Photo  by Jorge Manuel Rodríguez as found at The Forensics of the Sudarium of Oviedo – The Shroud of Turin

Saint Jesus?

imageRoberto Scalese of (Boston Globe) tries his hand at defining a relic while writing, Why is a Vial of Pope John Paul II’s Blood Coming to Boston this Weekend?

For the uninitiated, relics are a big deal in Catholicism. According to the Catholic Education Resource Center, there are three classes of relics. First class relics are from the actual body of a saint. Like this vial of John Paul II’s blood. Then there are second class relics, which are objects used by a saint. Picture a frock or scepter. Third class relics were touched by a saint. The Shroud of Turin is probably the most famous third class relic, even if its authenticity is in doubt.

Saint Jesus?  Which saint touched the shroud?  Joseph of Arimathea?  Or should it be what saint instead of which, implying many more?

According to Scalese, the John Paul II Shrine in Washington, D.C. puts it this way:

Here we need to pause for a moment. Perhaps in our technological age, the whole idea of relics may seem strange. Remember, all of us treasure things that have belonged to someone we love—a piece of clothing, another personal item, a lock of hair. Those “relics” remind us of the love we share with that person while he was still living and even after death. Our hearts are torn when we think about disposing of the very personal things of a deceased loved one. Even from an historical sense, at Ford’s Theater Museum for instance, we can see things that belonged to President Lincoln, including the blood-stained pillow on which he died. More importantly, we treasure the relics of saints, the holy instruments of God.

Didn’t we try our hand at this when the pope called the shroud an icon? To my way of thinking the shroud is a all-classes relic of Christ, plain and simple. So, too, the Sudarium of Oviedo is all-classes. So, too, a small cloth with the blood of Christ at the Basilica of the Holy Blood at Bruges in Belgium is such a relic. Of course, questions abound.

The Carbon Dating of the Sudarium of Oviedo Plus the Caves of the Sudarium

the 2007 carbon dating
and a bit of fascinating history

imageO.K. writes:

I would like you to post some of the following issues on the blog:

1. The 2007 carbon dating of the Sudarium of Oviedo. Mark Guscin has written in the article ‘The Second International Conference on the Sudarium of Oviedo’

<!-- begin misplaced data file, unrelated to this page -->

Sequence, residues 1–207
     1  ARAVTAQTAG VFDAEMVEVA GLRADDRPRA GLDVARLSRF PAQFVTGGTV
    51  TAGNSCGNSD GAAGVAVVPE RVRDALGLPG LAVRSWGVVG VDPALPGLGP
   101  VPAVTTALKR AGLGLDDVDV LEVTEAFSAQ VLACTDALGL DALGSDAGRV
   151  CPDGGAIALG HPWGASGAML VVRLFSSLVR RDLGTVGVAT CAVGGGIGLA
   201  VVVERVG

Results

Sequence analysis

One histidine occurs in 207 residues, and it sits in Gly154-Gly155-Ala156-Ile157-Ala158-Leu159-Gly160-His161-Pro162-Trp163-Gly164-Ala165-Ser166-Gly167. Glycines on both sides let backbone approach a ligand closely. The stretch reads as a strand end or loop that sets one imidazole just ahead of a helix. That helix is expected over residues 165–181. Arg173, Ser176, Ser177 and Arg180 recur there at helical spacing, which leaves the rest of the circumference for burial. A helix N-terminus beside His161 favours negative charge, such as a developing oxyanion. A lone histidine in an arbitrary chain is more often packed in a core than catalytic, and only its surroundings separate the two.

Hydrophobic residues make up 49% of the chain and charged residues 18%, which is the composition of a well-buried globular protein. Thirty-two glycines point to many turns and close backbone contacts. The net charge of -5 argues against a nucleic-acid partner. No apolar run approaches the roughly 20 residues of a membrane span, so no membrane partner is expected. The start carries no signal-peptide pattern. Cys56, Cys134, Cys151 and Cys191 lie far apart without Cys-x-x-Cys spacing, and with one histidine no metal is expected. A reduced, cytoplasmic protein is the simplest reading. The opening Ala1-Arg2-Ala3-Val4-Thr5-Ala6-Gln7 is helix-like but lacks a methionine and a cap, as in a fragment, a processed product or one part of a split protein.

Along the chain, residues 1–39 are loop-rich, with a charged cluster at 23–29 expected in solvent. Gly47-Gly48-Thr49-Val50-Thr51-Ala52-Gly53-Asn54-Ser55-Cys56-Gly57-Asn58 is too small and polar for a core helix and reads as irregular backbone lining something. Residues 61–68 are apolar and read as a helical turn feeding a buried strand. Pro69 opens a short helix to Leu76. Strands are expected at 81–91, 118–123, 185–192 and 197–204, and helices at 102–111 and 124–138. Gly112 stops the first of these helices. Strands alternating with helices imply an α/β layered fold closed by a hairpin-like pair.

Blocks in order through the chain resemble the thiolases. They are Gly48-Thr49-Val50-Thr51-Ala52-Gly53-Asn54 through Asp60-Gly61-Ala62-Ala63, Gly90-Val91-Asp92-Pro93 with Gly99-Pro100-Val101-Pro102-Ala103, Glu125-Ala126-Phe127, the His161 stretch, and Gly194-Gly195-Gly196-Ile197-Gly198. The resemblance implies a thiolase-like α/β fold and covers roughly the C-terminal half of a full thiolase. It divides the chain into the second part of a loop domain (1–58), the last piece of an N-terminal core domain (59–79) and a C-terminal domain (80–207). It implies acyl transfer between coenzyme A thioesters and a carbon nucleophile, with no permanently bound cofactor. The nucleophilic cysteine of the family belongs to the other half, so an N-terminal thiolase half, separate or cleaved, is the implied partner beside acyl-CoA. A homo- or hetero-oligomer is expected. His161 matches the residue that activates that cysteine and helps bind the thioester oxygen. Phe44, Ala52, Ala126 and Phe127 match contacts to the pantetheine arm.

Just weeks before the congress took place, new samples from the Sudarium were subject to carbon dating. Five samples were dated from five different cloths –three of them came up with the expected date, while the cloth from an Egyptian mummy returned a date of any time in the 19th or 20th centuries. The laboratory immediately concluded that the cloth (and the mummy) were fakes. The sample from the Sudarium was dated to around 700 AD. Scientist César Barta spoke about the carbon dating process, emphasising the fact that if carbon dating is always absolutely accurate, then we could just as well finish the congress there and then. However, there were several points to bear in mind– in specialist carbon dating magazines, about half the samples dated come up with the expected date, around 30% with an “acceptable” date, and the other 20% is not what one would expect from archaeology. The laboratory used (via the National Museum in Madrid) said they were surprised by the result and asked if the cloth was contaminated with any oil based product, as oil is not cleaned by the laboratory processes used before carbon dating and if oil is present on a sample, the date produced by carbon dating is in fact the date of contamination. Finally, the history of the Sudarium is very well established and there are definite references to its presence in Jerusalem in AD 570 and at the beginning of the fifth century.

Micheal Hesemann in a recent book (“Chusta Chrystusa, Naukowcy na tropie zmartwychwstania” pg. 230-232, that is polish edition of “Das Bluttuch Christi”) gives some more details. The dating was performed by Beta Analytic Inc. from Miami, and the result was 660-890 AD.

It is curious, because so far we know, the Sudarium had been carbon-dated in the 80s, by two laboratories: Tuscon and Toronto, based on samples taken from it by Max Frei and Pierluigi Baima-Bollone. Various accounts about the results exist. So far I have met: 653-786 AD Toronto, and 642-769 AD (in other version 642-869 AD) Tuscon. Micheal Hesemann, on the other hand, reprots 540-869 AD. Also "between 1st and 9th century" claim was made at one point.

Does anyone has any more details about 2007 dating? So far I know, on the Barrie’s site, on the Valencia conference page, there is listed a paper called ‘Dating the Cloths by the C14 Method – The Oviedo Sudarium’  by Felipe Montero Ortego, but it seems to be inaccessible either via Barrie’s site, or the Google.

2. The second issue is that I have found interesting site of Micheal Hesemann. Mainly German, but there are a few articles in English.

The second referenced item, Discovered: The Cave Monastery which housed the Sudarium of Christ  concludes fascinatingly:

Many question remain unanswered: Did St. Gerasimus discover a hiding place of the early Christians, did he find the long-forgotten “Sudario Domini” in these very caves, maybe preserved in a wooden chest or a large jar, like the Dead Sea scrolls? Or was the precious relic entrusted to him by his teacher, St. Euthymius, the “founder and patron of the Judaean wilderness”, who established several laurae of hermits in the Judaean desert? We can only speculate about the details. But we can say for sure that Antoninus gave an accurate description of the cave monastery which existed in the cliffs of the Wadi en-Nukheil, at least since the 5thcentury. And that in this cliff laura, according to the pilgrim’s report, the Sudario was once venerated, before it was brought first to Africa, then to Spain.